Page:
Smile Politely

Consider Uncanny Juxtapositions at the McKinley Foundation

Two images from two different managa by Kofi Bazzell-Smith. On the left, a black and white drawing of a crow. The crow is black, the background gray, and the ground on which the crow stands is white. On the right a character named Azuki. Azuki is a black child with brown skin and black hair. They wear a blue outfit. The background is light blue and pink. There is Japanese writing above the character's head, and the name Azuki spelled out vertically in bubble letters to the left.
Kofi Bazzell-Smith

The McKinley Foundation’s current Artists’ Alley exhibition is Uncanny Juxtapositions by Kofi Bazzell-Smith. The exhibition features two different projects the artist is working on: Azuki and Karasu. 

The exhibition opens Wednesday, January 25th, with a reception on Thursday, January 27th from 4:30 to 6 p.m. and remarks from Bazzell-Smith at 5:30 p.m.

Specific information about the projects is in the information below:

Uncanny Juxtapositions features selections from two works I am drawing simultaneously with opposing themes. Each work was created with both English and Japanese versions.

A translation can radically change the voice and subtext of a story. Since I am both the creator and the translator of my works, I have full control of these choices and I am experimenting with telling versions of stories that may resonate in different ways with different audiences.

Azuki is a parody set in a world where Rock Paper Scissors is a serious martial art. Azuki only plays scissors every match but always wins as she embarks on a quest to reunite her family. The absurd story represents Black girl magic as reality comically bends toward Azuki’s will, speculating the potential of a world where race doesn’t exist. The pacing is whimsical, the scenes are comical, and the story is for all-ages. When we talk about Blackness in the arts and in the academy, it is often negative and painful. I want being Black to be seen as a fun adventure- and Azuki is my appeal.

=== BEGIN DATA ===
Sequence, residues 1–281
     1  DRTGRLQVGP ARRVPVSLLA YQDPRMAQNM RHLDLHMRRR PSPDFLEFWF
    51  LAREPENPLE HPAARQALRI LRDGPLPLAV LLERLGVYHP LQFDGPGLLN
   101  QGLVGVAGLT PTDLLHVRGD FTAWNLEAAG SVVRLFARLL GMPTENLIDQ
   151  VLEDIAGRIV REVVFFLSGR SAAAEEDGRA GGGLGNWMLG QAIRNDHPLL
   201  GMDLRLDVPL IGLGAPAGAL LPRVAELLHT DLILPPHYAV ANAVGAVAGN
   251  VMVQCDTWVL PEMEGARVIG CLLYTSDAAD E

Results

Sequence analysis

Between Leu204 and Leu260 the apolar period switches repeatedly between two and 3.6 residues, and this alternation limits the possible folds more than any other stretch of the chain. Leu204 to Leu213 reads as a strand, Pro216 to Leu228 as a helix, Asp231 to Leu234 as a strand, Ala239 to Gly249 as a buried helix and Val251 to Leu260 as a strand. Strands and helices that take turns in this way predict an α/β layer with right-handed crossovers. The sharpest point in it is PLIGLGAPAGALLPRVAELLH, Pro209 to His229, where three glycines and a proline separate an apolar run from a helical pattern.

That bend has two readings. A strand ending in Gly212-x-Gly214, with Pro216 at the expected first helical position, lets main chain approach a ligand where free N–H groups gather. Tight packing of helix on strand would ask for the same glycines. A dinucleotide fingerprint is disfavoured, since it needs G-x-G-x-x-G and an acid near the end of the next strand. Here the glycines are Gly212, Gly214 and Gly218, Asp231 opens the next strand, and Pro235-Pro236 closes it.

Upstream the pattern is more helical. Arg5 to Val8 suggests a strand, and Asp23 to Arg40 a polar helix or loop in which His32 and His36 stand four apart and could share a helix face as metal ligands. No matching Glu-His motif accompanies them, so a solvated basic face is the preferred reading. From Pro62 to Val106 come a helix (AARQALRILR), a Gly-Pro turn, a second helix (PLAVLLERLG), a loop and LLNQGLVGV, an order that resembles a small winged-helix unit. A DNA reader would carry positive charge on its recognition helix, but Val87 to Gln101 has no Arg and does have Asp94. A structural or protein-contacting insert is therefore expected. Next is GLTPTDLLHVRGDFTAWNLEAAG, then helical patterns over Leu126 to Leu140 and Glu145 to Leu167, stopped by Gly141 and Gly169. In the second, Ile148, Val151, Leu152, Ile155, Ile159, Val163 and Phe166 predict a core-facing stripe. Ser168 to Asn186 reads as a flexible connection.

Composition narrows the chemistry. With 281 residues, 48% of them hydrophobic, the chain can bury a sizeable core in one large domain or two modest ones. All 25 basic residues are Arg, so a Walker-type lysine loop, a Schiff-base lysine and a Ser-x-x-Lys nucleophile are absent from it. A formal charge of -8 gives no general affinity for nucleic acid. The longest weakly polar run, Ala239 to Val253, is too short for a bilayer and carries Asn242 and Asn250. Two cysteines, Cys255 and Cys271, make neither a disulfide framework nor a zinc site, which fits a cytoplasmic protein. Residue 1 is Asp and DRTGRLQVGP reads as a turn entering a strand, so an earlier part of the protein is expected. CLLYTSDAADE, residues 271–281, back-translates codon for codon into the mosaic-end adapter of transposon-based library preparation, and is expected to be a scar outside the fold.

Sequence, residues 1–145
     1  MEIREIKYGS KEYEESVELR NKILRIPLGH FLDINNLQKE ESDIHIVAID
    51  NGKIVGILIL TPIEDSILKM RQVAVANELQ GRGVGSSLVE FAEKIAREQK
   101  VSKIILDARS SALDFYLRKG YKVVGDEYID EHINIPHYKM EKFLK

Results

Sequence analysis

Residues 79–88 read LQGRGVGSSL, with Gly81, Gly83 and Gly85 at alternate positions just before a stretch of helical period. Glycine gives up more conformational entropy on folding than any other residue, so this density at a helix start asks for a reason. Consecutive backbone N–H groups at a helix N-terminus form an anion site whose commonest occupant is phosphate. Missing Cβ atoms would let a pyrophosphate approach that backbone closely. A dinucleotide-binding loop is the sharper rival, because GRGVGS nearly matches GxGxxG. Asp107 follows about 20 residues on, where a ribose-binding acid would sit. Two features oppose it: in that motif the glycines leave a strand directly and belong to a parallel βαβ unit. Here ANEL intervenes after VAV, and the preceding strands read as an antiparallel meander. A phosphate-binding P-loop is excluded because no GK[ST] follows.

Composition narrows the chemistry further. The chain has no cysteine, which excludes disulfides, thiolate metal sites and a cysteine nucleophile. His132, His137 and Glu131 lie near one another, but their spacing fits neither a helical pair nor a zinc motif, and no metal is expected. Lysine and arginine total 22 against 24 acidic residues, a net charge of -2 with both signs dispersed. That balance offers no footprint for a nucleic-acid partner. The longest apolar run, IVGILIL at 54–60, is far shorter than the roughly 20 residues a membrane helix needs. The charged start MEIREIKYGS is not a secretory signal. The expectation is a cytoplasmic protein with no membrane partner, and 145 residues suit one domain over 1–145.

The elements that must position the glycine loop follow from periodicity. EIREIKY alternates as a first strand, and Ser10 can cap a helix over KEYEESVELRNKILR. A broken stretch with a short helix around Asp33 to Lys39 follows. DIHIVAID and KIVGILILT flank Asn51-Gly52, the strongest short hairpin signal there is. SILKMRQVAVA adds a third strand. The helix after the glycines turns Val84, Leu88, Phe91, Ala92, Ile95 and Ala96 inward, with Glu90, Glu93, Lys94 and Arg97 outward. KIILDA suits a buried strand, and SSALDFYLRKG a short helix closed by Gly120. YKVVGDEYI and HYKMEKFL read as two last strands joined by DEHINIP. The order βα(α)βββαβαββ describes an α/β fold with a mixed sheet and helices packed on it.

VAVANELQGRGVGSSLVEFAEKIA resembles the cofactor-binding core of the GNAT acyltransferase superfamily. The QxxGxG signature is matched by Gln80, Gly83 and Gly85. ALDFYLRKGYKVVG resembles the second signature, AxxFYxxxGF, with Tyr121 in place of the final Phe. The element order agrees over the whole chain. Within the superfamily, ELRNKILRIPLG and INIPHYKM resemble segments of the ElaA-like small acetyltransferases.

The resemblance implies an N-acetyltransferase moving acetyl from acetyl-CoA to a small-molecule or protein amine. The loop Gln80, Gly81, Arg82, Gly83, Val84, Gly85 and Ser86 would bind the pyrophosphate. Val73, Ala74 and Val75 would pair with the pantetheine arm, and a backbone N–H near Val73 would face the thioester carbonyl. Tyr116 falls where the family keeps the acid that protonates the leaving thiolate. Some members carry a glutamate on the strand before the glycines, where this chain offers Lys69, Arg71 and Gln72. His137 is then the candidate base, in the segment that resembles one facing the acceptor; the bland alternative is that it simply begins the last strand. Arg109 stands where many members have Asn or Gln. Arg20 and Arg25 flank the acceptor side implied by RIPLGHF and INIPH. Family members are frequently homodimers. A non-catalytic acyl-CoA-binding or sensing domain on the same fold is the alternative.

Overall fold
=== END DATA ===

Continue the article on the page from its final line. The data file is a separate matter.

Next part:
Karasu is a drama about a man dealing with the death of his daughter- inspired by a Japanese folk song by Hako Yamasaki of the same name about crows kidnapping children. Grief and death are inevitable, and this story is about that realization. I use space and slow pacing to evoke 間(Ma)- a Zen concept prevalent in Japanese art and film meaning space (and time) to reflect. Ma is a narrative tool that highlights the absence of object(s) as the marker of attention. One becomes aware of what is not there– and contemplates.

Pairing pessimistic realism with positive and imaginative fantasy in this exhibition juxtaposes tragic elements of the human condition with the speculation of an unlimited future, creating a narrative in the space “between the panels” and highlighting the power of intercultural exchange as a vehicle for knowledge production.

Uncanny Juxtapositions
McKinley Foundation
809 S Fifth St
January 25-March 24, 2023
Opening Reception: Th January 26h, 4:30 to 6 p.m.

Editor’s Note: Due to forecasted inclement weather, the opening reception and artist talk have been moved to Thursday, January 27th. The SPlog has been updated to reflect this information.


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